Tuesday, March 29, 2011

Sewalong for fleece socks

Around where I live, it is pretty frigid for most of the year, it seems like.  And, as anyone who knows me will testify, I am basically a cheapskate, so we keep our thermostat pretty low.  Consequently, fleece socks are basically an essential around our house.  This sewalong is for the Green Pepper fleece socks pattern #504.  I understand there are several free tutorials hanging about somewhere, but to me it was worth the $7 to have fleece socks that fit right the first time -- without falling down!

I changed the pattern a little to make it easier, faster, and cheaper to sew.  Here's what I did:

1.  First, you need to trace your pattern pieces and cut your fabric.  Make sure the stretch of the fleece will go around the foot, not lengthwise, or you won't be able to get your fleece socks on.  There is an option for calf length or knee length socks; I chose knee length.

2.  We are going to flatlock all our seams using the serger.  Review my previous post about how to flatlock.  One more hint about 3-thread flatlocking:  I got best results when I tied a knot in the serger thread tail before beginning stitching.  That way the stitches would not pull out.



3.  Lay the heel piece on top of the sole, wrong sides together, aligning curved edges at the back of the heel.
Now flatlock this seam at the back of the heel.  It will look like this:





4.  Now open this out flat and lay it on top of the front of the sock, wrong sides together.
 You will see that the raw edges don't quite line up properly because of the shaping of the heel and because the front piece has greater width than the heel.  Don't worry.  As you sew, you will re-align the edges.

5.  Now flatlock all the way around the sock, starting at the top edge on one side.  Continue down the sock, all the way around the toe, and back up to the other top edge.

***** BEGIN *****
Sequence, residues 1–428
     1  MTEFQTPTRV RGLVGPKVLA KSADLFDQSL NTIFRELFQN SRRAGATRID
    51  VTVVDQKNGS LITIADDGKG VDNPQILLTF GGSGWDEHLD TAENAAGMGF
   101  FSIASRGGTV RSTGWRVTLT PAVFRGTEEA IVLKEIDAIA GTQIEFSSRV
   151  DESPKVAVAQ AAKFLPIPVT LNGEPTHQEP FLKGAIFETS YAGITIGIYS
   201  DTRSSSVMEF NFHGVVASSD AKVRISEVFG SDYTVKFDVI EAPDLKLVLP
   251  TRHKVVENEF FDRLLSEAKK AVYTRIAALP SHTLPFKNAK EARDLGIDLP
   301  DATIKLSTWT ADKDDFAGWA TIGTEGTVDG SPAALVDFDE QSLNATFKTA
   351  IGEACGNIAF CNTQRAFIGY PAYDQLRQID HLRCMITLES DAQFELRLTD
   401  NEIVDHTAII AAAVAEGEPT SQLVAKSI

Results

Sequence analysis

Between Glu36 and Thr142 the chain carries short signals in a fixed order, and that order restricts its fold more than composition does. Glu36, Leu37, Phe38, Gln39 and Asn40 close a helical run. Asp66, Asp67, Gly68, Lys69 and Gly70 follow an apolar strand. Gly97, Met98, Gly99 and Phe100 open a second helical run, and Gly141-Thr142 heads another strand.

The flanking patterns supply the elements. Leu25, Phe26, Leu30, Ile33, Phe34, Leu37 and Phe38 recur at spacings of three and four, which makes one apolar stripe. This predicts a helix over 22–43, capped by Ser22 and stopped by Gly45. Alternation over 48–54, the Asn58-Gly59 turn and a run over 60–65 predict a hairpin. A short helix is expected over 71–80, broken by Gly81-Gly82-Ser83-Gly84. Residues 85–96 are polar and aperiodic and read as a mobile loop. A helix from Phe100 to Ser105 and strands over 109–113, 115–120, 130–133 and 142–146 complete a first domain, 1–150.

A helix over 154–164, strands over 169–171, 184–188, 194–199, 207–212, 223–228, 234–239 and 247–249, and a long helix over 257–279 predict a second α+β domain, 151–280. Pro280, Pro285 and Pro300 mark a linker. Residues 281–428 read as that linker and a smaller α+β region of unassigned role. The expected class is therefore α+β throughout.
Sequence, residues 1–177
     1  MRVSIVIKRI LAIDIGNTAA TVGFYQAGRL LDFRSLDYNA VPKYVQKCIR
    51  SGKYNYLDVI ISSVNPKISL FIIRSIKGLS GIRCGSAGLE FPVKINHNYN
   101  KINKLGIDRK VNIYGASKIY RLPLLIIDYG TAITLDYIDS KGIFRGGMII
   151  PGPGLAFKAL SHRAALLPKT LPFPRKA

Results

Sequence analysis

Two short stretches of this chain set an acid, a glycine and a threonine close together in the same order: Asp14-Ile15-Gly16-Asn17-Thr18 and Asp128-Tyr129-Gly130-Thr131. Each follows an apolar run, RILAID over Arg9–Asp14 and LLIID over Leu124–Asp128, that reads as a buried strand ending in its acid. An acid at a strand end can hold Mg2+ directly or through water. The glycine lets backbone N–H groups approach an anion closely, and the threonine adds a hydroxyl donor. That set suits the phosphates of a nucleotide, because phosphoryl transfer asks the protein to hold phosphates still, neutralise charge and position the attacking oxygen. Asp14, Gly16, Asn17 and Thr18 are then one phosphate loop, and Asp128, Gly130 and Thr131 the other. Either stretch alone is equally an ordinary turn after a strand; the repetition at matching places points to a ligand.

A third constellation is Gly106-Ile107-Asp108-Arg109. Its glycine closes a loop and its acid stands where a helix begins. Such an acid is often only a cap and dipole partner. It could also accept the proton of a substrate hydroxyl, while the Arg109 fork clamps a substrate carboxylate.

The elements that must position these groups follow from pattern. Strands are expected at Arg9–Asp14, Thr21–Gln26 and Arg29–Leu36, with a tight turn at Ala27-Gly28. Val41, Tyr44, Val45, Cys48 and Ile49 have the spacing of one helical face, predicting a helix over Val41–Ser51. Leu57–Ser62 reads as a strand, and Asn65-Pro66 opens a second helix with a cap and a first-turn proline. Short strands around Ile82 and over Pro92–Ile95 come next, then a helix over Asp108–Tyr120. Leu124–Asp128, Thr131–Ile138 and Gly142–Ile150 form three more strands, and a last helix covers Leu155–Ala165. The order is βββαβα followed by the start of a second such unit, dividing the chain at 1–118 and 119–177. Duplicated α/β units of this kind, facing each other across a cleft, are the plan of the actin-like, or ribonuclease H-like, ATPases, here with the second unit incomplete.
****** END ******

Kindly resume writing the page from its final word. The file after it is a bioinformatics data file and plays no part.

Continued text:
6.  Now, tie a knot in the serger thread tails at both the starting and ending points.  Then pull apart the flatlocked seams so they actually lie flat.




7.  The last step is to just fold over the top edge about 1 cm to the inside and stitch it down on your sewing machine.  You probably want to turn the sock inside out to make it easier to sew around the small circumference.   I would suggest using a narrow zigzag to stitch it down, as you want it to be able to stretch without popping the stitches.
See how uneven the edge of my fleece was?  I just trimmed this with sharp scissors before actually stitching it down.

 (Sorry this picture is with different fabrics.  I made lots of pairs of socks!)




Once you start, you will probably want to make a bunch!





5 comments:

  1. Thanks. This was very helpful. I was getting thrown off because the sole is so much bigger than the back. I am very new to sew and this is one my first project.

    ReplyDelete
  2. Do you happen to have a copy of the pattern that I could print (especially for an XL foot--mens 11-12 shoe size)? Any pattern would be helpful to print trace and attempt.

    Thanks.
    Ariane

    ReplyDelete
    Replies
    1. Here's an updated link to the pattern I used:
      http://www.thegreenpepper.com/product/504-polar-socks-pattern/

      I saw this pattern on clearance at JoAnn fabrics a few weeks ago, too.

      Delete
  3. are you aware that none of your photos from photobucket can no longer been seen in your posts? Things don't make sense always without photos.

    ReplyDelete

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